Earlier this year I wrote about a number of projects being undertaken by big auto companies to help them ride the waves of change. The article documented the projects being undertaken by the likes of BMW and Ford to innovate collaboratively with startups and academia. This form of open innovation is increasingly common in an industry that is undergoing huge amounts of disruption, with new entrants such as Waymo and Tesla nipping at the heels of illustrious incumbents.
That’s not to say that the incumbents aren’t doing a lot of innovation in-house however, and a good examples comes from the new Ford “Weather Factory” that has recently opened its doors in Köln, Germany.
The €70 million Environmental Test Centre is designed to allow the car giant to expose vehicles to every form of weather imaginable, from a category 5 hurricane in one room to desert like conditions in another.
“The vast range of punishing simulation tests will enable Ford drivers to be confident their vehicles can handle whatever climate zone they live in,” Joe Bakaj, vice president, Product Development, Ford of Europe said on a recent visit to the facility. “Travelling to the four corners of this building is like taking a trip to the four corners of the world, and our engineers will do that around the clock, every day, to continue to develop future best-in-class vehicles.”
Testing the elements
The facility consists of multiple rooms, each featuring a unique climate. For instance, the altitude room allows vehicles to be tested in the thin air found at the Mount Everest North Base Camp, or the snow room can plunge temperatures to below -40°C.
The center allows ten vehicles to be tested simultaneously, gathering incredibly rich data that even extensive, and expensive, field testing would struggle to replicate. This testing covers a range of factors, including comfort and safety as well as the performance of electrical and brake systems.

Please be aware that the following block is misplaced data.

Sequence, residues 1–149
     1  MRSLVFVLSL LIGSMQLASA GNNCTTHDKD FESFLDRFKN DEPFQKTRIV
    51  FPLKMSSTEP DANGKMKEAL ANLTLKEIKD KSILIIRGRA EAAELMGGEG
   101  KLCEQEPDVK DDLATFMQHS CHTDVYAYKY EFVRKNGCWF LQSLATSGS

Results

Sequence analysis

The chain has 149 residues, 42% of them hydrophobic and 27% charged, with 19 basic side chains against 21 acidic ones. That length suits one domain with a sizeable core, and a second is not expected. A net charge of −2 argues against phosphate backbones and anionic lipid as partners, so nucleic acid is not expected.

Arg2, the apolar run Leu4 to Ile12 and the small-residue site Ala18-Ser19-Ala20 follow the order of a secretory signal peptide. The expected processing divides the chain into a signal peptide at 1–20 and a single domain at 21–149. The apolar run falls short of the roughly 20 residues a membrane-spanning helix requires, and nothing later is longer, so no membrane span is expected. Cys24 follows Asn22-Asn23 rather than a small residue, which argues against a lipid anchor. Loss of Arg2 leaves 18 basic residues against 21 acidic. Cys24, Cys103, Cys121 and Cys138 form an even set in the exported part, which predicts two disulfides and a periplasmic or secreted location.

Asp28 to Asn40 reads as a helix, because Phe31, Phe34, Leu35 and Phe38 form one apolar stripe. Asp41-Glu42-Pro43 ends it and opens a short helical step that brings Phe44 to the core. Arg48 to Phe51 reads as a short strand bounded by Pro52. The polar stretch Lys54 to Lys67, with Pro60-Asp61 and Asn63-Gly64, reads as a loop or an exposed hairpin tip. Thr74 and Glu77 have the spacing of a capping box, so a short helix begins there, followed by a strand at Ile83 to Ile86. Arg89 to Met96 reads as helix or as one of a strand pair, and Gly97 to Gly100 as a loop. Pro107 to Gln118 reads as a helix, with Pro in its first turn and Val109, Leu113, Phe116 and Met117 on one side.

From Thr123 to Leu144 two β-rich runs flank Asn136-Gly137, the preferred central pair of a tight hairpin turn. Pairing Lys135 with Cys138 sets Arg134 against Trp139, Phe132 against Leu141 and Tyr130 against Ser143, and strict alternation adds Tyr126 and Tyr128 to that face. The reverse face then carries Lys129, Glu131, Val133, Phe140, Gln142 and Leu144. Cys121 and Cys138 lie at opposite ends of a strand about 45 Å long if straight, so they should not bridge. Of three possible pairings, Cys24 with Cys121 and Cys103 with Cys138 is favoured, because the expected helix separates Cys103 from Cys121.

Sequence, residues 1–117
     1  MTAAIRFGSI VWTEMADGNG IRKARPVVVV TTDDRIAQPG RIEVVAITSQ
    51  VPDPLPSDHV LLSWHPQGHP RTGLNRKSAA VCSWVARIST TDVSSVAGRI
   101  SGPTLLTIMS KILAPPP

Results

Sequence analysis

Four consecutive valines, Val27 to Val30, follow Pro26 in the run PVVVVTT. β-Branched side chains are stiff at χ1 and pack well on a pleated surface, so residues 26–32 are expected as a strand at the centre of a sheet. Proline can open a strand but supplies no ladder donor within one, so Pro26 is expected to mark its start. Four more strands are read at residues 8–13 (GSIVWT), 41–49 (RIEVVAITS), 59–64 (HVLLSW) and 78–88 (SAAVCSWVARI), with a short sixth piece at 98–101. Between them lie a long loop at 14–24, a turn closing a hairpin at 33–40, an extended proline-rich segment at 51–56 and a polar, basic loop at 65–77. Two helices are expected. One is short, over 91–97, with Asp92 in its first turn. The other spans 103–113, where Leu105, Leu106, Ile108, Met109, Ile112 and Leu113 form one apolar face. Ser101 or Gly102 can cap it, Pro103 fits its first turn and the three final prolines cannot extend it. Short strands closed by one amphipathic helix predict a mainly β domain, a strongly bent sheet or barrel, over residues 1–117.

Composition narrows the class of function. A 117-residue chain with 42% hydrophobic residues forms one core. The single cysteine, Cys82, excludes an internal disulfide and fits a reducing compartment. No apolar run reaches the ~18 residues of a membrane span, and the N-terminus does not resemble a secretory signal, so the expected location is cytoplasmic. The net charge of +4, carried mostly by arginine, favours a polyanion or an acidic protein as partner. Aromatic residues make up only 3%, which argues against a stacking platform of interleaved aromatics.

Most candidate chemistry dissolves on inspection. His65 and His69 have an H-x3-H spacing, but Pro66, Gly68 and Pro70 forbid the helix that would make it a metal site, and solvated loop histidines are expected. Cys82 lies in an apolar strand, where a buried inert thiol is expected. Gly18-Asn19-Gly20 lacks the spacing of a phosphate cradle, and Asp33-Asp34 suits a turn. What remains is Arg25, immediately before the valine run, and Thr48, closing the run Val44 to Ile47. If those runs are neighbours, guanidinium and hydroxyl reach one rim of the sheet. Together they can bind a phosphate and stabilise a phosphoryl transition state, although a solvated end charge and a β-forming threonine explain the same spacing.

The company plan to test all vehicles at the facility, which contains three climate controlled wind tunnels and four temperature-controlled test chambers.
“We can see how windshield wipers function in Arctic temperatures, how engine performance changes in extreme heat and cold, and even how much snow falls on the driver’s head when they open the door. It’s an engineer’s dream,” said Michael Steup, project manager, Environmental Test Centre, Ford of Europe.
The facility forms part of the $7 billion that Ford are investing in research & development this year, and complements similar testing facilities at the Lommel Proving Ground, in Belgium, which allows them to perform pothole-testing, side-wind tests, saltwater tests and even mud bath testing.
Somewhat surprisingly, the company were unable to reveal the kind of ROI they expected from the facility, which given the significant investment was rather odd, but it’s certainly an interesting facility and it will be intriguing to see what impact it makes on how vehicles are produced at the company.
Check out the video below to see the facility in action.